Neuroscientist Dr. Claudia Aguirre discussed her research on beauty and its effect on the brain, saying that beauty is connection, it’s community, and it can definitely change self-esteem. The topic of beauty is a popular one, and for good reason. The Beauty & Anti-aging sector of the wellness market is the largest one, valued at $999 billion, and includes spa treatments, and all of the products that spas sell to consumers. The Global Wellness Institute has added a Beauty Initiative this year, and there is a lot of interest in connecting beauty and wellness. One of the breakouts was on this very topic, and the packed room broke into groups who worked on exploring the commonalities between the two. One of the key takeaways was that wellness & spa go easily together, while beauty can be considered too “superficial,” and yet you can’t have wellness without beauty.
Relevant to many attendees was a breakout session that debated the merits of Hotel Chains vs. Family-Owned Properties, and what each could learn from the other. Representatives of family-owned brands with 1-3 units operating are more nimble and flexible, and someone from the family might even be onsite, while the large brands have greater resources and marketing aptitude. Guests can have a great experience either way, but personally I think it can be hard to beat the level of care you receive in a family-owned property.
Regardless of the business you are in, you probably need a building, and that was the topic addressed by the Wellness Architecture & Design panel. Architects from Arup and GRAFT, along with the CEO of Six Senses, Neil Jacobs, discussed the present state of wellness design. Buildings are being designed and created with sustainability tools that enable them to actually be “safe,” rather than less bad. Lars Kruckeberg of GRAFT discussed a clinic they designed in Berlin which uses lighting to create a healing environment that reacts to the patients. A company called Cradle to Cradle designs buildings that do not die; they are made entirely of components such as clay and wood which can go back into the earth at the end of their life-cycle. Jacobs shared that Six Senses has employed a Sacred Geometrist to analyze hotel sites and guides design based on the land and the energy field. Other design trends include biophilic design, walls with algae embedded in them which produces energy for the building, new drywall that absorbs VOC’s, using virtual reality to test finishes before the building is constructed, and incorporating acoustic qualities into the design.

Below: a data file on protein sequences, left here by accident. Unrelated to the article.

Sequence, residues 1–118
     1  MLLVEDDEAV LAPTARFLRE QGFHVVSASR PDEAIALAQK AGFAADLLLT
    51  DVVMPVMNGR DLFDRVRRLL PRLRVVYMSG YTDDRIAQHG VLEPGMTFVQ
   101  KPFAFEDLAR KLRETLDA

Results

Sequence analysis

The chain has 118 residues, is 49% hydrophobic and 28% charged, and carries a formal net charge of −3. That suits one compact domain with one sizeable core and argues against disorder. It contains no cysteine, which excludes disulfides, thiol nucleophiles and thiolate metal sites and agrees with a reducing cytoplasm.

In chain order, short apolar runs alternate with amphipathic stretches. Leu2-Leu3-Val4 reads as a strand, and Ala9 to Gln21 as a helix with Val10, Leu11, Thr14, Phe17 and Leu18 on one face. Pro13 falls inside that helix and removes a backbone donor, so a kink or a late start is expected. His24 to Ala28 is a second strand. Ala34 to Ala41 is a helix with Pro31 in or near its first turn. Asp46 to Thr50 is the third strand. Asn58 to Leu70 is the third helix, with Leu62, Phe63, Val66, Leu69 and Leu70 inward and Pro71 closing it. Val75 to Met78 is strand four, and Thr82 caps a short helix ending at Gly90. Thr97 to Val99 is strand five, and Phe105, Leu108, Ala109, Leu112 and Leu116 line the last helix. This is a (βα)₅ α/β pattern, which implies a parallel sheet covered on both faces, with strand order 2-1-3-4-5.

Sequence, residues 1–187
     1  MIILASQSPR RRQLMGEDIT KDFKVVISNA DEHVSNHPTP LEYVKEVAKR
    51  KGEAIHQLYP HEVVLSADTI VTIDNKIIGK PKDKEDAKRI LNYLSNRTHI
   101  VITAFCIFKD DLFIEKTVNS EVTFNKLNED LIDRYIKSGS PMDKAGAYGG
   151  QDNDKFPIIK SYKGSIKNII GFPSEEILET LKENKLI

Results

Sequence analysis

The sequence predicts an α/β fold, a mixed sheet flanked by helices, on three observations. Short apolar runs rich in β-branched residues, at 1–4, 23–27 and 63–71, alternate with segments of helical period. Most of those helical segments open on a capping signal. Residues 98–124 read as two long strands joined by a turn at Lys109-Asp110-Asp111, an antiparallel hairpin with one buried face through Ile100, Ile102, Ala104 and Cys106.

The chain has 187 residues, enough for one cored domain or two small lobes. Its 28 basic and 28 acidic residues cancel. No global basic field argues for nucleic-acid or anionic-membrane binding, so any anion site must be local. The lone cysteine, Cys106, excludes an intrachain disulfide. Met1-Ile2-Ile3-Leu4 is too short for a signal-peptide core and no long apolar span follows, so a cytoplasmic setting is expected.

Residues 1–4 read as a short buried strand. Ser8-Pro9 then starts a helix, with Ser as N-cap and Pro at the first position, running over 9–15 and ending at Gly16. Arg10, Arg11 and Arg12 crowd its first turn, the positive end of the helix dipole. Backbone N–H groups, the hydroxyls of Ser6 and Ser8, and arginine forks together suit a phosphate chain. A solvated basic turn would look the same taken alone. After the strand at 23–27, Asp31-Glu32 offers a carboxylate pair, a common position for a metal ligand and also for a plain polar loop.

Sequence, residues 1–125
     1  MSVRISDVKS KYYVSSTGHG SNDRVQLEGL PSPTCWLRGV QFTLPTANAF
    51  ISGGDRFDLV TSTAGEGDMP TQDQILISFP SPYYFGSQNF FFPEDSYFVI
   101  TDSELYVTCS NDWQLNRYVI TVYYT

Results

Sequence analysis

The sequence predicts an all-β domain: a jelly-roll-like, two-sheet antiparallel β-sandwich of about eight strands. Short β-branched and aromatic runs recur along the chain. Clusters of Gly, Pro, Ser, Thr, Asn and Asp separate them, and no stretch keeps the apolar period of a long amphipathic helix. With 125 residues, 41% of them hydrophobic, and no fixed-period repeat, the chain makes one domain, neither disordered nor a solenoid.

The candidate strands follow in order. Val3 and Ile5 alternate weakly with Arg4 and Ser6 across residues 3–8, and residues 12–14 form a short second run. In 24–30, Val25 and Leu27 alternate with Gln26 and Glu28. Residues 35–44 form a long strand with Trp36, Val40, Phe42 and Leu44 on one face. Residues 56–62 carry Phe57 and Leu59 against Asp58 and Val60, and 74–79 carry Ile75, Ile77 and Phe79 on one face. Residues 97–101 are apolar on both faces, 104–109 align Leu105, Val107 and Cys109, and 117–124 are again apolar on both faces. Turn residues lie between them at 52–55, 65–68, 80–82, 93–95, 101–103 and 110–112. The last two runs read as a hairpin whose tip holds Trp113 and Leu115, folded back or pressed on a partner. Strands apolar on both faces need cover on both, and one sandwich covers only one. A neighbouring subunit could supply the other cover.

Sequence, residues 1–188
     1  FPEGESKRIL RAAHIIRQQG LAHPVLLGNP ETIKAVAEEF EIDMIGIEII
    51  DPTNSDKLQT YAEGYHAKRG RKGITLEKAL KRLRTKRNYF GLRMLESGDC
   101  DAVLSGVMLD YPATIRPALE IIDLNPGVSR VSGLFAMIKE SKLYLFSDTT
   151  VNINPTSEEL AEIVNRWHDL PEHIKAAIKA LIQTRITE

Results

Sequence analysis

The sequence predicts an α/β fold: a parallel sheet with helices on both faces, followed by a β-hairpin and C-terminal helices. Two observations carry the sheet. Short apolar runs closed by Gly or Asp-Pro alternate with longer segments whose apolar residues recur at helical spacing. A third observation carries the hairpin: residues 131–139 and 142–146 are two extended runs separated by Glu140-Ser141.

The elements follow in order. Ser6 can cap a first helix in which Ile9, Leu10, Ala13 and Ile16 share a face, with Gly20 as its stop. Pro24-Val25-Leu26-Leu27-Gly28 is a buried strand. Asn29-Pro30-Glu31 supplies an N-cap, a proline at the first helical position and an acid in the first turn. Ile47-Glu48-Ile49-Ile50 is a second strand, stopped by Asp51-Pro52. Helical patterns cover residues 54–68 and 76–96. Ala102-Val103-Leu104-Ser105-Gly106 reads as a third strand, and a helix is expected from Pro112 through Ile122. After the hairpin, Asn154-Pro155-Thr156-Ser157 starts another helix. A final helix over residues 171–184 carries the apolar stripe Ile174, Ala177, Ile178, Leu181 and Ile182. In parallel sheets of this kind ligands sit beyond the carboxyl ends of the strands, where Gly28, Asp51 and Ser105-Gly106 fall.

While you might not expect an Oxford Professor of Economics to be amusing, that was indeed the case with another presenter, Dr. Jan-Emmanuel De Neve, who shared his extensive research data on the connections between wellness and happiness, and their relationship with economics. His research shows that, when it comes to the employees, the benefits of having a wellness-oriented environment and business practices are numerous, and include better recruitment, retention, and staff motivation. He noted that employees don’t just care how much they are paid, but how they are paid.
New this year at the Summit was the Shark Tank of Wellness; a contest for students to design an idea for a wellness innovation. 60 students submitted ideas, and the top 3 finalists were chosen to appear at the Summit and present their ideas to the delegation and a panel of industry judges. This year’s winner was Bangladeshi student Shahrin Ali Raivi, who designed an affordable sanitary napkin made from recycled cotton textile waste, easily accessible given the size of the Bangladeshi textile industry.
The final night’s Gala Dinner was held in the Swarovski Crystal Worlds Museum, where the glittering dress of the delegation matched the sparkling Swarovski designs on display. At the conclusion of the Summit, many of the delegates went on to organized post-Summit activities, such as visits to thermal spas or wellness hotels in Tyrol, or elected to explore the Alps on their own. I chose to spend a few days at the amazing Bio-Hotel Stanglwirt; this family-owned and operated property is like a fairy-tale wellness experience, with extensive pools and saunas, numerous restaurants, outdoor activities, tennis academy, and even a stable of native Lipizzaner horses with a riding rink adjacent to the lobby lounge! The hotel is especially oriented to families and couples, and just won the 2016 Wellness Travel Award as the best hotel in Austria.
Next year, the Global Wellness Summit will be held at The Breakers in Palm Beach, Florida, from October 9-11, and promises to continue the world-class education and networking opportunities that provide stimulation for the spa and wellness leaders of tomorrow.